After several rounds of directed evolution were performed, the resulting libraries of exemplary AAM polypeptides were screened. Screening for transformed cells that express a polypeptide having AAM activity is, in general, a two-step process. First, one physically separates the cells and then determines which cells do and do not possess a desired property. Selection is a form of screening in which identification and physical separation are achieved simultaneously by expression of a selection marker, which, in some genetic circumstances, allows cells expressing the marker to survive while other cells die (or vice versa). Exemplary screening markers include luciferase, β-galactosidase, and green fluorescent protein. Selection markers include drug and toxin resistance genes, such as resistance to chloramphenicol, ampicillin and the like. Although spontaneous selection can and does occur in the course of natural evolution, in the present methods selection is performed by man.

The AAM polynucleotides generated by the mutagenesis or directed evolution method are screened in accordance with the protocol described in Example 8 to identify those having enhanced activity that are suitable for inclusion as an improved AAM polypeptide of the present invention. In the process of Example 8, the screening of clones from the expression libraries for enhanced AAM activity was performed by measuring the conversion of α-alanine to β-alanine using liquid chromatography and mass spectrometry. Based upon the screening results, the AAM polypeptides of the present invention axe listed in Table 2 below along with their residue changes and enhanced AAM activity relative to one parental AAM polypeptide, i.e., the polypeptide of SEQ ID NO: 59.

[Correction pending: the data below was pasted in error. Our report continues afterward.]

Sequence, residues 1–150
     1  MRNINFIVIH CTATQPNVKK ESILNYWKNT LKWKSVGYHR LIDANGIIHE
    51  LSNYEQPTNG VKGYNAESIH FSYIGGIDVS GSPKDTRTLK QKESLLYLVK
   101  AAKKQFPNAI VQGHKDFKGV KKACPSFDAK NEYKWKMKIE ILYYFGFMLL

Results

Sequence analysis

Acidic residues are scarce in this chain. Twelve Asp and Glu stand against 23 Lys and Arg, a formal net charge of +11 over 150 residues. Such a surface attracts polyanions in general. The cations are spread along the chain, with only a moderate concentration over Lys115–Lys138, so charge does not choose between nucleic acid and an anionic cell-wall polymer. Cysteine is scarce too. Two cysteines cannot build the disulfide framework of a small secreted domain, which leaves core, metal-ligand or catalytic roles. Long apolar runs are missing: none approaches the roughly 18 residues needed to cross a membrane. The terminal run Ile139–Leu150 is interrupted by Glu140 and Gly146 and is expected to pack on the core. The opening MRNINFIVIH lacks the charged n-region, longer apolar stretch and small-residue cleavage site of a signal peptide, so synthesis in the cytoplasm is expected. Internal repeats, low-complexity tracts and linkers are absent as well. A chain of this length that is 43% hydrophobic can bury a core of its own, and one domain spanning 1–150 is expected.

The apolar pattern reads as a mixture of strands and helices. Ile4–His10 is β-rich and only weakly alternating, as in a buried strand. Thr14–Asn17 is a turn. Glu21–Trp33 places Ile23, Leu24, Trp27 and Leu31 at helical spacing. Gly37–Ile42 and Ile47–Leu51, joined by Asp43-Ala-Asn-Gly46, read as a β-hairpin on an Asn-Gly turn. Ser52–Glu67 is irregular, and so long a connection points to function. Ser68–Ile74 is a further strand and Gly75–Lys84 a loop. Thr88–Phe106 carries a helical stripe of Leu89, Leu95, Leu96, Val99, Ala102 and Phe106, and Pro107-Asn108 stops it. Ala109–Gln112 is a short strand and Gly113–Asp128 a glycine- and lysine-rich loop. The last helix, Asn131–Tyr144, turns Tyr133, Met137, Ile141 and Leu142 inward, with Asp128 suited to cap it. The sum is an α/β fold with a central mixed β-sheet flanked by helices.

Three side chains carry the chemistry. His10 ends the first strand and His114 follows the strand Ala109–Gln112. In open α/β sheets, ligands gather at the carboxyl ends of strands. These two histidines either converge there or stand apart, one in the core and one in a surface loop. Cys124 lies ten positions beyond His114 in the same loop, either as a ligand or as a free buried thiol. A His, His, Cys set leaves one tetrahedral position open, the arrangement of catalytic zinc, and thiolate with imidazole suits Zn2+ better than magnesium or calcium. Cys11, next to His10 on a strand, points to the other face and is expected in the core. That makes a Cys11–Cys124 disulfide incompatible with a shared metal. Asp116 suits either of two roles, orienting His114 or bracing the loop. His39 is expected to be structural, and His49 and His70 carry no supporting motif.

TABLE 2
Rate of
β-alanine (uM)
Residue changes relative to produced/hr
Seq. ID No. parent SEQ ID NO: 59 1 Cell OD
34 I177L, I227M, G308R, I408L, 31.9
F416S, D447G
10 I298V, G308R, F416S, D447G 6.3
38 D125N, I177L, T210S, 11.0
20 K2E, I3O7L, 14.7
14 K13E, L17R, L197P, I200T, 7.7
M281V, F310S, F416S, D447G
22 Y72H, L118P, R145L, I220V, 1.0
F240L, S250P, R311C, F416S,
D447G
42 K19R, T99S, G308R, F416S, 3.5
D447G
26 N80K, G308R, E319G, R325G, 4.8
Q350R
18 Q32R, S74P, S113T, L118P, 3.9
G308R, F416S, D447G
44 D79E, G308R, S329P, F393S, 12.9
F414S, D445G, L453S,
51 (fragment) A73V, G308R, Y331N, F416S, 7.0
D447G
36 D79E, S93P, N132D, M281I, 6.0
G308R, Y331N, F416S, D447G
48 K2E, M76I, D79E, T131A, 22.0
L203P, G308R, Y331C, F416S,
D447G
12 R38G, C134G, C141R, L203P, 3.6
I280T, G308R, F416S, D447G
4 2KE, I220V, N237D, G308R, 4.5
D360G, K361R, F416S, D447G
16 K13E, L17R, L197P, I200T, 19.4
M281V, G308R, F310S, F416S,
D447G
24 E23D, L43S, D124G, Y137H, 18.9
K156E, G308R, D411G, F416S,
D447G
46 W18R, M76I, D79E, V90A, 20.7
M152T, I163T, S178P, V215G,
G308R, V354A, F416S, D447G
28 E22G, Y71C, S74P, H108R, 29.2
D187G, I244V, G308R, E396G,
F416S, D447G, F454S
40 Y137H, G308R, D411G, F416S, 2.9
D422V, D447G
32 H35R, D79E, K98T, T99S, 13.6
N132S, S135P, E204G, K230R,
G308R, F416S, D447G
2 W235R, S250P, C254R, D276G, 17.5
G308R, Y380C, I381T, F416S,
K440E, D447G
30 Q32R, N67S, H140R, G308R, 14.3
F416S, D447G
6 E24G, M96I, E109G, G308R, 23.0
F416S, D447G
8 G308R, S329P, F416S, D447G, 14.7
L455S

In Table 2 above, it is seen that the AAM polypeptides of the present invention have from 2 to 11 residue differences than their parent polypeptide of SEQ ID NO: 59, and very significant AAM activity as evidenced by the production of β-alanine in the assay of Example 8. In comparison, β-alanine was not detected for SEQ ID NO: 59 under the assay conditions used to test the AAM variants. However, some β-alanine production for parental SEQ ID NO: 59 was detected in a qualitative growth based complementation assay.